'80s Movie Month: "Blade Runner" Review

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In the future, man has created replicants to serve as slaves with managed life-spans. Deckard is a blade-runner, a cop specially trained to track and kill replicants. He must come out of retirement to find 4 replicants who have escaped an off-world colony.
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'80s Movie Month: "Blade Runner" Review

Rating: R (for violence)
Length: 117 minutes
Release Date: June 25, 1982
Directed by: Ridley Scott
Genre: Drama, Sci-Fi, and Thriller

Ridley Scott's "Blade Runner" is an impressively transcendental and sumptuously visionary film that's considered by most critics as a true masterpiece. The film premiered decades ago, back in 1982, but it's labeled as one of the best sci-fi movies in motion picture history. It has been nominated seventeen times and has won ten awards over the years. A director's cut was also released ten years later.

Scott's first American movie was the eye-popping thriller "Alien." Scott, a very creative and provocative director, introduced terms like retrofitting and cyberpunk into the movie industry and the American vocabulary in general. He skillfully portrayed a vividly decadent future Los Angeles that is teeming with skyscrapers 400 stories tall, high-tech patrol cars, and flying billboards that incessantly announce the spacious glory of building off-word colonies. Millions of people have gone to live outside Earth, leaving behind a crowd of billions squeezed through cramped spaces amidst noisy cities.

David Webb Peoples and Hampton Fancher took inspiration from Philip K. Dick's novel "Do Androids Dream of Electric Sheep?" and wrote a screenplay that expanded the story further. While the book is set in 1992, "Blade Runner" is set in a more advanced and futuristic setting.

"Blade Runner" focuses on Rick Deckard (Harrison Ford), a retired detective who's expert in tracking down and terminating replicants that attempt to live as humans. These replicants are much stronger and more skilled than real people, and they're originally used as soldiers and slave laborers.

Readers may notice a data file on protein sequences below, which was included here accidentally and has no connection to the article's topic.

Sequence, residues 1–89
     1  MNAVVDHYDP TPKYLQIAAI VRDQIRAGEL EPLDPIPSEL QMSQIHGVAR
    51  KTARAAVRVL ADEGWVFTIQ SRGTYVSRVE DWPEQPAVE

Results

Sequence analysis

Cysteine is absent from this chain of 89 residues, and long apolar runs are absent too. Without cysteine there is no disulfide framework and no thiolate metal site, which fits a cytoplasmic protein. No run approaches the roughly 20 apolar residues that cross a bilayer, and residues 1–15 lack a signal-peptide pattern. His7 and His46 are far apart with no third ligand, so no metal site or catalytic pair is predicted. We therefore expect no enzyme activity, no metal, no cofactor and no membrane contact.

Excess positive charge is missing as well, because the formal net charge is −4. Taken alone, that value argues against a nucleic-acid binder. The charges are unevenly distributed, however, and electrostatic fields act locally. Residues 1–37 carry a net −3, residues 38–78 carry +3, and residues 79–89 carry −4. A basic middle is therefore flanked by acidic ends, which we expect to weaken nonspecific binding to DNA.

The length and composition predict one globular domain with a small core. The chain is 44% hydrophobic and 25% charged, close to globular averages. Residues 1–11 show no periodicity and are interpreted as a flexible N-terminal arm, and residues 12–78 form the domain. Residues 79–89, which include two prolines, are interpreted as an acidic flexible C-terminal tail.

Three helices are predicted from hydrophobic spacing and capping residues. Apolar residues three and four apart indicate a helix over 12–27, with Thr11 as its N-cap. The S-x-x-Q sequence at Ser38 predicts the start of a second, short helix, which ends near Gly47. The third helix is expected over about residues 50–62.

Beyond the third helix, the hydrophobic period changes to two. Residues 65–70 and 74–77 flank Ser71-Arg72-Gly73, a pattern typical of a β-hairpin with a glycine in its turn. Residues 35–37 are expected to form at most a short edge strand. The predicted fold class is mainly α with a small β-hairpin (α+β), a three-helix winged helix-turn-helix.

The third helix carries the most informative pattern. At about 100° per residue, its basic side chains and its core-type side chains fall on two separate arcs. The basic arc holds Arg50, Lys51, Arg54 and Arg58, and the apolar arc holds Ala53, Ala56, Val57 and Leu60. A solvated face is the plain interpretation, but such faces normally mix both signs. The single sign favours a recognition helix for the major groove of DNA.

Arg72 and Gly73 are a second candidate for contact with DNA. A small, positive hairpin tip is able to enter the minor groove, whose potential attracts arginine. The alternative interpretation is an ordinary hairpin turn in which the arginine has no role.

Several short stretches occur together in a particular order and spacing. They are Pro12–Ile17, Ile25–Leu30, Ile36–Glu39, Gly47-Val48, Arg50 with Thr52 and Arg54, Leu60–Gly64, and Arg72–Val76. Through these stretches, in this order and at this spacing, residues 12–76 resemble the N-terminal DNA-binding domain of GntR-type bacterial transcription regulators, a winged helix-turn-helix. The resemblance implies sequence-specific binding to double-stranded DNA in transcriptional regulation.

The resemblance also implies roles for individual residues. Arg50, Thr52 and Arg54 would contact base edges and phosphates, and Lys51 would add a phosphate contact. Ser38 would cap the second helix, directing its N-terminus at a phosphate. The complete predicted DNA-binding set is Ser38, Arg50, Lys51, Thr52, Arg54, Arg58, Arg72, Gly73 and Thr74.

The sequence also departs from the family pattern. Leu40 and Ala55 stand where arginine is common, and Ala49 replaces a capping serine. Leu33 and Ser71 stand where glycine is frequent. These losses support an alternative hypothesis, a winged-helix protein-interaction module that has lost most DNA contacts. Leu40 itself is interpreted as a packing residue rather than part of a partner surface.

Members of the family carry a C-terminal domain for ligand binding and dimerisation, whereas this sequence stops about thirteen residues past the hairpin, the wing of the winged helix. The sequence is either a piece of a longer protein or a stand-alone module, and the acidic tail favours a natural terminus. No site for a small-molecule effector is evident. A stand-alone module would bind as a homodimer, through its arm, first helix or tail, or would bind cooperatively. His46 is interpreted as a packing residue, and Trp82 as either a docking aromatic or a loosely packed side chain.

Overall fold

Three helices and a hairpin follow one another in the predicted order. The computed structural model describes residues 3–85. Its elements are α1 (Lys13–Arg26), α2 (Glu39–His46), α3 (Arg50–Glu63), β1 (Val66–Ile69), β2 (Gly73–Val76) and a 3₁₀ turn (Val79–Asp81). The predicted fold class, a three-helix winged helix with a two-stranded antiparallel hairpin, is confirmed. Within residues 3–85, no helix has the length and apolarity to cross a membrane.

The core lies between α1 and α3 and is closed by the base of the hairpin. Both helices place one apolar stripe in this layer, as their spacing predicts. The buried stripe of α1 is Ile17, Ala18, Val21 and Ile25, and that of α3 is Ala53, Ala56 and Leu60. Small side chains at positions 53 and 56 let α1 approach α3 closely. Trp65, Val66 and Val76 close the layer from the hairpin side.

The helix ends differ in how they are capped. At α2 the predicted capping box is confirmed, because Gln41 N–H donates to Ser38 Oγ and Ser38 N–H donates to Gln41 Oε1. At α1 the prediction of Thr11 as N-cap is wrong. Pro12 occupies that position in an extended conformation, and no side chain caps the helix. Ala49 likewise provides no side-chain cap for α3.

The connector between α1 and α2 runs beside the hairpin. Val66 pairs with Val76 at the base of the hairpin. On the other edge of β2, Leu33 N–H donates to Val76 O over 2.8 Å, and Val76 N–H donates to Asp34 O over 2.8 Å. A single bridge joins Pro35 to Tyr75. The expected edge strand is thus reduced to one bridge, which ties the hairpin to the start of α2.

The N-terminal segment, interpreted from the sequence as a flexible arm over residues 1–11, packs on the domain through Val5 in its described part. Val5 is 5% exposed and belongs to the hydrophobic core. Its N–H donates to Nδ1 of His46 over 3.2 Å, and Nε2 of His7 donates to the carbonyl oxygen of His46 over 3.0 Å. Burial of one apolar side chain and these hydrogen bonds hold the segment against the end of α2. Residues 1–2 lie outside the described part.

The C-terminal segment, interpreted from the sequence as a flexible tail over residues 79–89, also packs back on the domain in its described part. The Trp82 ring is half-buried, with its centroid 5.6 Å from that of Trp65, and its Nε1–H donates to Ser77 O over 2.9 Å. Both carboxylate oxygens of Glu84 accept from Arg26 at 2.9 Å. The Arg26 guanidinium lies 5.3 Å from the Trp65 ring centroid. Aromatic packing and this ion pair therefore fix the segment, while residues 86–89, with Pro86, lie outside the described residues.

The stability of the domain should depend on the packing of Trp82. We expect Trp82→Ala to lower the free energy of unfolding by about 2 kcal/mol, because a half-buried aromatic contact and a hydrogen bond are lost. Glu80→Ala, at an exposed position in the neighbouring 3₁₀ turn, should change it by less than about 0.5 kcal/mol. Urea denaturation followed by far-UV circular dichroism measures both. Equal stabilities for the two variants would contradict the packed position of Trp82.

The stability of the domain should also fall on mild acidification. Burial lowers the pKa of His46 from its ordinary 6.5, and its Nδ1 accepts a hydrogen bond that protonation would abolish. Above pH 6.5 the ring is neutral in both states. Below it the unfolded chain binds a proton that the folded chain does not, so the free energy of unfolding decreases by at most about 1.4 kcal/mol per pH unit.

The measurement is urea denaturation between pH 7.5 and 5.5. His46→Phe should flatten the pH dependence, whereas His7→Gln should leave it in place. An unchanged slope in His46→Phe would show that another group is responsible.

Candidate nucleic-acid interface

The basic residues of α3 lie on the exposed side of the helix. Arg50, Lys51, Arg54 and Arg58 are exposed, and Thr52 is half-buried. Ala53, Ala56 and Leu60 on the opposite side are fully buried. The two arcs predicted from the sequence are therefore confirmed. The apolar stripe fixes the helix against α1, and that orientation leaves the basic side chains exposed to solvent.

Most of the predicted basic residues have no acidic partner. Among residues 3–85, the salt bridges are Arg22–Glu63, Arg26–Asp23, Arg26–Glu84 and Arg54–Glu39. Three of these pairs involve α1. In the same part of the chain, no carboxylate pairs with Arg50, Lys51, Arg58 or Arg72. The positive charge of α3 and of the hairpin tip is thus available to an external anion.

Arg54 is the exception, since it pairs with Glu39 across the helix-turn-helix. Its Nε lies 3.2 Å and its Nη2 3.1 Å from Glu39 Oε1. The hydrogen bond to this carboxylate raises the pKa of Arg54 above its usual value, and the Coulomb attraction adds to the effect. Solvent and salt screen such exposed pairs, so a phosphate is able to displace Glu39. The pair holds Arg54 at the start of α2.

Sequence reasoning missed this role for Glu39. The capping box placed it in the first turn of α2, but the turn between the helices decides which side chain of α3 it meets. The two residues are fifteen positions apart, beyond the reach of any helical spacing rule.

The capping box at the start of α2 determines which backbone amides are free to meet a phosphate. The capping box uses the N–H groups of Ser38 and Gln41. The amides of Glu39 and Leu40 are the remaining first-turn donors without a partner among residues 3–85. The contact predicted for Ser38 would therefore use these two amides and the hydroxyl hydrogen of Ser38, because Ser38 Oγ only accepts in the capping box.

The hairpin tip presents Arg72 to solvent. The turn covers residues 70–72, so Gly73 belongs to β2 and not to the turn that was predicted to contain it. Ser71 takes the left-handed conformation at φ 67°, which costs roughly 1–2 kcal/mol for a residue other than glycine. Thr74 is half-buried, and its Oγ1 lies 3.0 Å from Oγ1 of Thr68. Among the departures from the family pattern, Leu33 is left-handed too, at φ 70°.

Known as the best blade runner alive, Deckard gets assigned by his former boss (M. Emmet Walsh) to take down four replicants who have taken over a space shuttle and returned to Earth. Roy Batty (Rutger Hauer) acts as the leader of the replicants, and they seek to meet their maker Tyrell (Joe Turkel). They have developed a fail-safe lifespan of four years to accomplish their mission.

Along the way, Deckard has to shake off the perturbing situations he has witnessed and break the numbness that has entrapped him for so long. He learns to get in touch with his feelings and become human again as the replicants evoke feelings of empathy from him. Most humans have grown to be less emotional and less sympathetic than the replicants. Working as a blade runner, Deckard also developed the same cold character. Ford's emotionally restrained acting suited the role perfectly.

"Blade Runner" is an impressive and compelling movie that adeptly raises questions about people's increasing dependency on technology and how the benefits brought forth by technology in all aspects of life compares with its disadvantages. Scott proved to be a visionary director who successfully captured the nature of a futuristic society that's spiraling downward. The persistently bleak and dark backdrop intensifies the plot. It explores the plausible struggle between man versus machine in a dystopian setting where technology has ultimately become inextricable from people's lives. It's both a sci-fi and neo-noir classic with a sophisticatedly slow pace, an engaging climax, and themes that run deeply, crafting a mesmerizing tale that challenges the mind of viewers. While the film is deeply philosophical, it's also packed with action and adventure.

While Ford stood out in the film, Hauer also contributed a creative performance as the wry, intellectual, and psychotic replicant. Ford's witty acting, along with the outstanding performances of the supporting cast, goes well with Scott's direction.

"Blade Runner" has a sophisticated plot that requires meticulous analysis. It's worth watching many times, especially as there are countless small details that often get missed when initially viewed.

"Blade Runner" carries various mythological as well as Biblical references that make it more engrossing with repeated viewing. In its essence, the movie comes off as a detective story interspersed with powerful themes of drama, realization, and character development.

The movie is also a visual spectacle, showcasing artistic production design and striking visuals. At the time of the film's release, its special effects were considered outstanding. "Blade Runner" has built a solid reputation over the decades. Many people cite it as one of their favorite classic sci-fi movies of all time. The sensational sci-fi thriller is certainly a movie that deserves critical acclaim and respect for many generations to come.

Rating: 4 out of 5